something they should care about.
It’s the reason the Paris terrorist attacks of 2015 got so much European press
coverage, while equally – or even more deadly – atrocities in the Middle East and
Africa hardly made the news at all.
HUMAN INTEREST: The Media College describes this well:
“Human interest stories appeal to emotion. They aim to evoke responses such as amusement or sadness.”
The Linkable Asset
Some news sites have a policy of not linking (or of using
no-follow links). In these cases, it doesn’t matter how great
your story is. If a site doesn’t link, it doesn’t link.
By carefully planning your approach, you can maximise
your chances of achieving a link on the sites that do link.
Why would a journalist link to you instead of just mentioning
you as the source?
That’s the question you’ve got to answer.
Having something on your site that tells the reader more, adds
value to the story, or is a relevant addition to it, is a good start. In the
case of our mobile study from 2014, the linkable asset was a raw data
download. It was that simple.
And in the case of the FOI request to the DVLA about disqualified
drivers, the linkable asset was the league table we created from
the data.
If your story uncovers a problem, perhaps your asset could offer the
solution. So if your story is about overspending and you’ve
created an online tool to help people curb it in, then that could be
a relevant linkable asset.
Linkable assets can even be as simple as a series of images that
accompany the story.
It’s just about thinking beyond simply issuing a press release.
It’s about giving people a reason to want to send users to your site.
Getting Started With Data-Driven Link
Acquisition: Your 16 Step Plan
1. It starts with goals. For any link-building project, those goals will focus
on which sites you want to link to you. Have a list of target publications
in mind.
2. Research what types of stories those publications run. You’ll need a
clear understanding to succeed.
3. Write a brief description for your project that includes: a) your
objectives, b) your target publications and research into the stories they
publish, and c) some information about the website the project is for.
4. This is when we move into ideation for the overall concept. We’re big
advocates of 635 Brainwriting. At this stage, you want a long list of loose
5. Next you’ll need to shortlist your best concepts. We love the NUF
method of testing to shortlist ideas.
6. For each shortlisted concept, you’ll need to assess where/how you
could acquire data to meet the brief. Freedom of Information? Proprietary
business data? A survey? Research carefully, and make sure you can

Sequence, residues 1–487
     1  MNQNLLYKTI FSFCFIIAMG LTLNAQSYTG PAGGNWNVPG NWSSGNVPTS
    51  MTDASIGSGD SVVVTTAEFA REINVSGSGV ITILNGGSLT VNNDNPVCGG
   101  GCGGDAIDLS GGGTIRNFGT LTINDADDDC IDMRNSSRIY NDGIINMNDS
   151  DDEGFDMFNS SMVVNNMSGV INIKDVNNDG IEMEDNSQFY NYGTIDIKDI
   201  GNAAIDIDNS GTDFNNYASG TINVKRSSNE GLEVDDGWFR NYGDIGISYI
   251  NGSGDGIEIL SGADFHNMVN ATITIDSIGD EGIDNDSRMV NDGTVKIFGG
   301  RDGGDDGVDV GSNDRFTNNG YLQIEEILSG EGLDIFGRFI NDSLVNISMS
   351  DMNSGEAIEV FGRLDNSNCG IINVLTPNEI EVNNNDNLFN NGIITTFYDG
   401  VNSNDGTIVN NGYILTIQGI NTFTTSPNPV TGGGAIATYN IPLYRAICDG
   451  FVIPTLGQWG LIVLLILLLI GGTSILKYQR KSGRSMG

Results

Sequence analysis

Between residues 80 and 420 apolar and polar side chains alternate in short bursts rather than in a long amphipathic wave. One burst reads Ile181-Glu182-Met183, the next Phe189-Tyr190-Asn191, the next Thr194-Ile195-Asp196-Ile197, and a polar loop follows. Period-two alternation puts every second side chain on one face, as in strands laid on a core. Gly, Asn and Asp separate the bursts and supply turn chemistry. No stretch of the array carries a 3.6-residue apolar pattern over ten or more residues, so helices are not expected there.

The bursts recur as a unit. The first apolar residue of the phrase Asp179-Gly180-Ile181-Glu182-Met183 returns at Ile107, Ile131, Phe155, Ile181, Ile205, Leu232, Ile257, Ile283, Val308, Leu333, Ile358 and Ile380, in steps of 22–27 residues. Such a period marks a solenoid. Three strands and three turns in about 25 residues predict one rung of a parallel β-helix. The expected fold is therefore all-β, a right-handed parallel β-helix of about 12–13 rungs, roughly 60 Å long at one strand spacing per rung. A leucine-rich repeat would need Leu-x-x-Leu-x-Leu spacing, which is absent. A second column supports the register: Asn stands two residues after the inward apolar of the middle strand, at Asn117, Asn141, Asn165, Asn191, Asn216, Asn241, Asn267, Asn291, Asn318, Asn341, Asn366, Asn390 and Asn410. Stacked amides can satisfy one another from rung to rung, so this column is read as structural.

definitely gather data to hit your brief. Getting started on a project, only to
realise you can’t get what need, is a quick way to waste budget.
7. Next, assess your possible headlines and shape your survey questions
or information request accordingly. Each question should be written with
a possible headline in mind – and you should check the headlines against
the traits that make a story. Be brutal. If a possible headline looks like it
might be dull, irrelevant or unsurprising, don’t run it. Change the question.
8. Get someone else to assess your brief and possible headlines. It’s too
easy to become over-involved in a project, which can lead to missing its
potential flaws.
9. Prepare to ask for multiple pieces of information. If you put all your
eggs in one basket, and it doesn’t go the way you’d like, you’ll have
invested in something you might not be able to use. For surveys, we’d
typically run between 10 and 20 different questions.
10. Start to contact your target publications. Can you find journalists
who’ve written about something similar before? Seek their early buy-in.
Ask whether there’s any additional data that might be useful for them. If
someone buys in early, it increases your chances of them running your
11. What will be your linkable asset? By the time you have your
questions, you should have a clear idea of what your headlines might be
– and, therefore, what your linkable asset might be. Whether it’s raw data,
imagery, or a tool to solve a problem your research has uncovered, you
need to do as much prep work as possible at this stage.
12. Gather your data!
13. Sift through the responses, looking for statistics that can be turned
into a headline. Score these potential headlines based on the story criteria
we previously outlined, and immediately rule out the weakest.
14. Look deeper. Sometimes you’ll have to combine statistics, or look at
the findings from another angle, to really hit the jackpot. Our 2014 mobile
usage survey didn’t ask respondents how many tasks they did each day,
because we thought people would underestimate. Instead, we added the
totals from a number of questions about individual actions they did on
their phone – and drew the final statistics from there.
15. Create your press releases and assets.
16. Launch and promote! And check these posts for more inspiration:
PPC: an underused content promotion channel most SEOs miss
15 resources for your outreach and content promotion
Your content is awesome – now what?
What If It Doesn’t Work?
If you’ve followed a careful plan and you have a solid linkable asset
in place, then you’ve given yourself a great chance of success.
But there’s never a guarantee with any content-led project like this.
So, if your first attempt flops, don’t simply write off the data. Go
back to it, and look for other hidden stories and angles.
Good luck!
Dear Reader,
Thanks for downloading this Data-Driven Link Acquisition ebook.
We hope you found it useful.
If you did, perhaps we can help you achieve more of your goals. What we
do is specialised and, at times, very technical.
But we’re experts.
We get results and our search director Stacey MacNaught, who wrote this
ebook, is on the global speaking circuit.
• We rocketed a travel client’s organic traffic by 514% in just three years.
• An insurance client got a 166% year-on-year lift in organic traffic.
• Another travel client saw a 537% growth in top 10 keywords - and a 50%
leap in organic revenue.
• And one piece of our content amassed almost 13,000 social
But don’t just take our word for it. Here’s what one client said:
“Tecmark combine creativity and intelligence with real-world SEO and content marketing expertise. And their results speak for themselves… I’d highly
recommend them to anyone looking for digital marketing brilliance and a
measurable ROI.”
So whatever issue you’re facing, we’ve probably been there.
We’d love to help.
To chat further, call Richard Bannister on 0161 266 4450,
or email r[email protected].
0161 266 4450